How Come I See Fewer Stars Than I Remember As A Child?

I’m past eighty years old. I remember as a child the stars looking like they were almost on top of us, so close and so bright and a billion of them to boot. Now they look so far away and almost faint. No it is not my eyesight. Have the stars moved away from us to that extent in just 80 years and if so how long before they are not seen at all.
The constellation Orion, imaged at left from dark skies, and at right from Orem, UT. Orem, UT is hardly a large city. This is intended to highlight the fact that light pollution is a problem everywhere, not just in cities with tens of millions of inhabitants. Image credit: Flickr user jpstanley, CC BY 2.0.

The constellation Orion, imaged at left from dark skies, and at right from Orem, UT. Orem, UT is hardly a large city. This is intended to highlight the fact that light pollution is a problem everywhere, not just in cities with tens of millions of inhabitants. Image credit: Flickr user jpstanley, CC BY 2.0.

Originally posted at Forbes!

Unfortunately, the stars haven’t moved, and I believe you that it’s not your eyesight either, because there’s another known and astronomically obnoxious thing that’s happened over the past decades. The amount of light pollution in the night skies has increased dramatically in the past few decades, which is largely because there are a lot more lights, illuminating our cities with no particular care for the darkness of the sky.

The increase in lighting is generally a good thing – well lit streets make people feel safer walking at night, for instance. However, the typical streetlight sends a lot of light up into the night sky, and not just down onto the sidewalks and streets. We also do a lot more lighting up of entire buildings now than we used to, several decades ago, and that light reflects off the building into the night sky. With the advent of cheap, bright LEDs, many of these lights are getting even brighter.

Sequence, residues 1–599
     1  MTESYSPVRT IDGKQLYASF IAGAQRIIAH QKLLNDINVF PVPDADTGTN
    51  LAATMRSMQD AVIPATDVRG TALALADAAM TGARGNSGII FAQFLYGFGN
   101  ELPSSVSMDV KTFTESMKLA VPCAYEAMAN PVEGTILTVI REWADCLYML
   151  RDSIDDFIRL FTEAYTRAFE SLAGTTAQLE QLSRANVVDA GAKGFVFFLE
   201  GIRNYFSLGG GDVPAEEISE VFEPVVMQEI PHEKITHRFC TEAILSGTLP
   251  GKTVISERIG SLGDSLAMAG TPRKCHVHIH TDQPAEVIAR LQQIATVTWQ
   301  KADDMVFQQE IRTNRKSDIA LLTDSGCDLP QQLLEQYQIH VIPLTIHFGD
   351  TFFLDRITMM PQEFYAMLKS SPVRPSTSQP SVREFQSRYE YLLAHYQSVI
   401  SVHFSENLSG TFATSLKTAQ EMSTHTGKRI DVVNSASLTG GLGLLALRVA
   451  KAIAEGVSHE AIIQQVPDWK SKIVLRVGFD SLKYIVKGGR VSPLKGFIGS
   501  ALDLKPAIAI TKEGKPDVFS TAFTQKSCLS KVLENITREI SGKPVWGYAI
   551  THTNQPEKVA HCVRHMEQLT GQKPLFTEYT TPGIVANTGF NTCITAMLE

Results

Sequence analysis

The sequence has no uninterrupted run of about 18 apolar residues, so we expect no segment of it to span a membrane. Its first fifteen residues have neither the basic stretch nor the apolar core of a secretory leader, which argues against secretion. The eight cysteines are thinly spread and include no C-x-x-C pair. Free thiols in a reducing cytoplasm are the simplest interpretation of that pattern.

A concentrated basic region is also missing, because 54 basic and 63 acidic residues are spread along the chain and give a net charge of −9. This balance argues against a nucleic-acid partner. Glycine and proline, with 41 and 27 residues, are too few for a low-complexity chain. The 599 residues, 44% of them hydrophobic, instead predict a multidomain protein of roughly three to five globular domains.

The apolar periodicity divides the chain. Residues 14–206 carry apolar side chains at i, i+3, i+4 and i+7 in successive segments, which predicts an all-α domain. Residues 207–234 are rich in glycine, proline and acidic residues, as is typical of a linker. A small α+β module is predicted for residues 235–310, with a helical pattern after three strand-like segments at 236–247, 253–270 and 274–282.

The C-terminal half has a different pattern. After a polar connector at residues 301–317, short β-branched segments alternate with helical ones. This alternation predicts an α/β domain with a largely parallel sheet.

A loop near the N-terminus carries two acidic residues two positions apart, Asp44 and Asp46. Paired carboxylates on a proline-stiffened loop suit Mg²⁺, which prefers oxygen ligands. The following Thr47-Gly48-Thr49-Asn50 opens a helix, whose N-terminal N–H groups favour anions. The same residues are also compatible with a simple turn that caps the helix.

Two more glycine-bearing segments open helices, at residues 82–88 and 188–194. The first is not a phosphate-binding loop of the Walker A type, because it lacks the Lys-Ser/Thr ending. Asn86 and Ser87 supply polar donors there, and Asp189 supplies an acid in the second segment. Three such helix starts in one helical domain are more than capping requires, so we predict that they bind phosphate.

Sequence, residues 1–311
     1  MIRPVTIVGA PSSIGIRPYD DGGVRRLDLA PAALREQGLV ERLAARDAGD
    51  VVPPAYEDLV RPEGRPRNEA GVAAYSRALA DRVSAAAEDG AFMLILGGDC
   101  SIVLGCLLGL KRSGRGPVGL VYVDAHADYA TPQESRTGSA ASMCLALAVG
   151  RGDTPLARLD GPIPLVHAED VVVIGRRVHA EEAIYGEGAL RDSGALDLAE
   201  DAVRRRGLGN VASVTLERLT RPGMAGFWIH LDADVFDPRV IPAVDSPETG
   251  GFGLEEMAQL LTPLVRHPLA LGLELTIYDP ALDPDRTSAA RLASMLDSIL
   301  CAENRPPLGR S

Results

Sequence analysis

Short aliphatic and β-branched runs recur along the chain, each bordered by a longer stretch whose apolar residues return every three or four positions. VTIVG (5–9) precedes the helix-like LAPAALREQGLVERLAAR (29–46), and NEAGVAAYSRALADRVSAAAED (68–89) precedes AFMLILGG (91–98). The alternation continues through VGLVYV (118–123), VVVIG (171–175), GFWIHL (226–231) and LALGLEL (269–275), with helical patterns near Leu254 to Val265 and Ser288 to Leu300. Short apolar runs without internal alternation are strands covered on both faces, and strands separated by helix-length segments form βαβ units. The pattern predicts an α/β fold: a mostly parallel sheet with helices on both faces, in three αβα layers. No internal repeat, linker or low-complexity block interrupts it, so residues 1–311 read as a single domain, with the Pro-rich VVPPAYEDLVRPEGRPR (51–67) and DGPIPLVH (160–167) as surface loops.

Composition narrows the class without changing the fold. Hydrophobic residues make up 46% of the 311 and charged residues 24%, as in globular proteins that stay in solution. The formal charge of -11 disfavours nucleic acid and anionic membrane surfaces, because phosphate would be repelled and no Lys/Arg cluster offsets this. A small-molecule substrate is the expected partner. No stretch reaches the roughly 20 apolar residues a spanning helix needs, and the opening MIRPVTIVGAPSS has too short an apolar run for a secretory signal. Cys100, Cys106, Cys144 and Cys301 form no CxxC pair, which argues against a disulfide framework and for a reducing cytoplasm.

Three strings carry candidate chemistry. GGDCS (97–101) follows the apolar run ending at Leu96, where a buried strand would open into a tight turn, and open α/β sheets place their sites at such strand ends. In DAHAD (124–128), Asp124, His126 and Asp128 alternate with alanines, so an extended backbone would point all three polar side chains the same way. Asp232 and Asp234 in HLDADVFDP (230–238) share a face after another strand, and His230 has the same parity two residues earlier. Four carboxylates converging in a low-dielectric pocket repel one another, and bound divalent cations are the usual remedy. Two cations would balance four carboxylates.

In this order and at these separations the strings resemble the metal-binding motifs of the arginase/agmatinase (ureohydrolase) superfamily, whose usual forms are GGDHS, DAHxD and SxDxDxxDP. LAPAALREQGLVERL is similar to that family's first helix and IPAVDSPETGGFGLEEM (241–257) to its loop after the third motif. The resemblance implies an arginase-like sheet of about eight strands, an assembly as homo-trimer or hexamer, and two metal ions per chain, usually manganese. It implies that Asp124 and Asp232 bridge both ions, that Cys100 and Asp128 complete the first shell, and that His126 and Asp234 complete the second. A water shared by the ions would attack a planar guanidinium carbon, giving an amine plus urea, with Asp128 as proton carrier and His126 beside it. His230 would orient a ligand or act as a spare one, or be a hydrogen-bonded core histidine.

Marina Bay Sands, Singapore, at night. Singapore’s light pollution is so severe that the entire population will never use their night vision. Image credit: Leonid iaitskyi, CC A-SA 3.0.

Marina Bay Sands, Singapore, at night. Singapore’s light pollution is so severe that the entire population will never use their night vision. Image credit: Leonid iaitskyi, CC A-SA 3.0.

The combination of all the streetlights, spotlights, and building lights work together to fade our night sky. The more light pollution there is, the less black the night appears – the sky will only darken to a gray – and the more light pollution, the fewer stars are visible.  The faintest stars fade out rapidly, and relatively soon, there are only a few stars which remain.  

If you make it out to a truly dark spot, the stars of your childhood are still there – literal thousands of them, filling the night sky. But many people who live in cities have no way to get out to see the night sky in a remote area, so the dark, glittering sky is either a distant memory or feels like an experience they will never get to grasp.  This isn’t uncommon. It’s now estimated that 30% of the world’s population cannot see the Milky Way from their homes. This goes up to 80% if you live in North America.

We could make some improvements – the loss of the Milky Way doesn’t have to be permanent. We could choose to not illuminate the sky quite so much while we continue to light the streets for safety reasons.  Shielding the light so it can really only shine down would be an easy first step.  Switching off the lights that light up an entire building – even for a few hours in the middle of the night – would help any would-be meteor shower watchers getting up to watch the sky.  Any improvements we can make will bring the night sky back to everyone.  In the mean time, we’ll have to push for more lighting improvements, so that the only dark skies aren’t just in remote wildernesses.  If you’re ever in a dark area, far from a city, remember to look up.

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